November 2, 2014
Swinging between problematic present and desired future
Progress usually -perhaps always- begins with a certain dissatisfaction with the current situation. This dissatisfaction with the current situation springs from the realization that things are worse than they could be. In other words, you can imagine a reality which is better than the current reality. Because people are aware of their dissatisfaction with certain aspects of their situation they can start to look for ways of improving those aspects. Their dissatisfaction with their current situation is a tension which can be seen as energy for change. To be able to work effectively on progress, it sounds a bit paradoxical, you need to be able to live with the awareness that you are now living in a reality that needs improvement.
Working on progress requires that you can keep to ways of viewing in your mind at the same time. One view is that of problem awareness or problem acknowledgement, the realization that certain things are not going right. The second view is the future-oriented view of the realization that things could be better and of how they could be better. My idea is that, in order to contribute to progress, you have keep bringing these two ways of thinking together as closely together as you can. If you emphasize either of them at the expense of the other, chances are that you will lose your energy for change.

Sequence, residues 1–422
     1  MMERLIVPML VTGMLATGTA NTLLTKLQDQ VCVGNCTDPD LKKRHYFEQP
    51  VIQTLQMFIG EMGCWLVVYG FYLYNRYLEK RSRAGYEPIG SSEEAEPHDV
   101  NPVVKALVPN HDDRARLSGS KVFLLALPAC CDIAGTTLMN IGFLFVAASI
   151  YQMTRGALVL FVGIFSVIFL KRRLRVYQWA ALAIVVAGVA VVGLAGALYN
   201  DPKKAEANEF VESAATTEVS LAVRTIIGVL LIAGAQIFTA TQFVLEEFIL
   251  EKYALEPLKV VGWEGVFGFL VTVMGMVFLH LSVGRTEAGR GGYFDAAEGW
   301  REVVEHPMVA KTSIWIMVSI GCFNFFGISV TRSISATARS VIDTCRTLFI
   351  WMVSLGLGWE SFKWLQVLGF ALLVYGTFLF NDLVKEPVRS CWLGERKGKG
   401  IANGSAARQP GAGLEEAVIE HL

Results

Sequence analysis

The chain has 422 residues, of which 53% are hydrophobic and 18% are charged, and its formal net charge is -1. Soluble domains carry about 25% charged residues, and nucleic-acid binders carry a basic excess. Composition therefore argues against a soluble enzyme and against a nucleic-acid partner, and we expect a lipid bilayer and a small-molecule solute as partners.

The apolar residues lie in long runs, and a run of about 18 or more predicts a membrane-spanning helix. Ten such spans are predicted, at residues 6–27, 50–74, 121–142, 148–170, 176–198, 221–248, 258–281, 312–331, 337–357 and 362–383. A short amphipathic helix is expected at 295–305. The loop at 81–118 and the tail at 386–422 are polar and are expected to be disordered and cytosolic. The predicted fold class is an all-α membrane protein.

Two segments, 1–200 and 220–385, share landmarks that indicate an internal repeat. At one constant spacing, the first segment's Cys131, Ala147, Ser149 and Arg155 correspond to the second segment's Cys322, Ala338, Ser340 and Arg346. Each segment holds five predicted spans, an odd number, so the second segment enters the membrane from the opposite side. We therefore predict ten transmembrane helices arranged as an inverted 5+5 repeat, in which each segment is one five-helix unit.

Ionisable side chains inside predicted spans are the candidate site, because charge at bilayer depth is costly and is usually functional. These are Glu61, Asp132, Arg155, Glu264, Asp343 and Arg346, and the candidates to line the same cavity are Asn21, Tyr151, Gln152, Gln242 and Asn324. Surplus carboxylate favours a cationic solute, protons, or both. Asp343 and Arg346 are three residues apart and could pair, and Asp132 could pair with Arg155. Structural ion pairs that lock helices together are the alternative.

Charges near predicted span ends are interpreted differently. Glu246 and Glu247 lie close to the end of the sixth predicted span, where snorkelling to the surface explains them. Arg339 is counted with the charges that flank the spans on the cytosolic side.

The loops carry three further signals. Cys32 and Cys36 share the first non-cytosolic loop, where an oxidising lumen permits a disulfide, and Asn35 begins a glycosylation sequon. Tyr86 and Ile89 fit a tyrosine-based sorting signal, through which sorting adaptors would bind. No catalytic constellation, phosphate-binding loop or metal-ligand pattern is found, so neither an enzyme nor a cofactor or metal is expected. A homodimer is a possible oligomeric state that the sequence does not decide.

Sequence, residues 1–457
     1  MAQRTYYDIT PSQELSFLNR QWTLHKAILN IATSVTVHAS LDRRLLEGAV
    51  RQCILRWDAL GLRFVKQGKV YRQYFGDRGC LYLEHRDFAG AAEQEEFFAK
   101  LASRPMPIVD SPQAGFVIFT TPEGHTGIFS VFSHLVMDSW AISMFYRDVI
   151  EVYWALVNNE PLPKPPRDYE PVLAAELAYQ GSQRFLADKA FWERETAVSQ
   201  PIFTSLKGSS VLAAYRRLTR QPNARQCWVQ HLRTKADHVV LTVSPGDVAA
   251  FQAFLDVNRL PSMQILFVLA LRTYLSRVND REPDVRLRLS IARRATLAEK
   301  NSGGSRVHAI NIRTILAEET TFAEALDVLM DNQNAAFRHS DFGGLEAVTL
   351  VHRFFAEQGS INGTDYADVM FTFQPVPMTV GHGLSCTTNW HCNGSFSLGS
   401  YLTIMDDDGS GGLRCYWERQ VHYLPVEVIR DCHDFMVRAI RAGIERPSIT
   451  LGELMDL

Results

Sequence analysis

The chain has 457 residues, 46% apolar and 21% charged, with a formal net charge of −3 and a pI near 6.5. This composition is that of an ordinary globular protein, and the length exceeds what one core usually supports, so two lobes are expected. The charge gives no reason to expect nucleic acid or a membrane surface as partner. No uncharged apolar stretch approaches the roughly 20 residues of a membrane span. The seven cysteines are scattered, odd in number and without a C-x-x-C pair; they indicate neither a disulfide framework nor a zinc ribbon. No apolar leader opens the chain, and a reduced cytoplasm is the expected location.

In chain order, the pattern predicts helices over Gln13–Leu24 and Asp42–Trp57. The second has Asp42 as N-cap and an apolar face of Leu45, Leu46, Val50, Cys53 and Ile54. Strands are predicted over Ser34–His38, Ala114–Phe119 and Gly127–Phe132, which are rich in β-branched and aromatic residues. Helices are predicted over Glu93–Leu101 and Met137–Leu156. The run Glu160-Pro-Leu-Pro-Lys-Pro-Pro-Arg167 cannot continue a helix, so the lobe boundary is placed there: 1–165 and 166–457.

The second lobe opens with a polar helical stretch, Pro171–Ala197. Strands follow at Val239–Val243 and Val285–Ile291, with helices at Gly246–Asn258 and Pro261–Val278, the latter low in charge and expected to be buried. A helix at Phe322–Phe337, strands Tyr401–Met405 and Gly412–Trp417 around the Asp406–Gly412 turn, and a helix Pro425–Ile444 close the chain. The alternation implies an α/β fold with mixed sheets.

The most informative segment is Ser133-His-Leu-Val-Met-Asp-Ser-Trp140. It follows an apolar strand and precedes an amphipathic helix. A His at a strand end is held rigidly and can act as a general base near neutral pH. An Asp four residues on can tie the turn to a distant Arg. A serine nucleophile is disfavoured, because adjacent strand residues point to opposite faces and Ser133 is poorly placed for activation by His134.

If you focus your thinking problem awareness but not on the realization that progress is possible, you can fall prey to defeatism. You can get overwhelmed by the intensity of problems and become despondent, desperate, and furious. These emotions don't come in handy when you need to take well-measured and constructive steps forward. If your thinking is focused on imagining a better world while paying little attention to the problems that are currently happening, you can also, strange as it sounds, lose your energy for change. In this article I explain why that is so (briefly, by engaging in positive fantasies, without facing the current problematic reality, we fool our brains/ourselves into believing that progress has already been achieved).
Maybe it is not possible to think literally at the same time about the problematic present and the desired future. But what we can do is swinging between these two perspectives. There are several techniques which support this process of swinging between current problems and desired future, such as mental contrasting, the circle technique and the NOAM-7-steps model (step 2 and 3). These last two techniques even offer useful intermediate steps between problem and desired success which are to find within the problematic present an already existing basis of progress by looking at what is already working and what has already worked.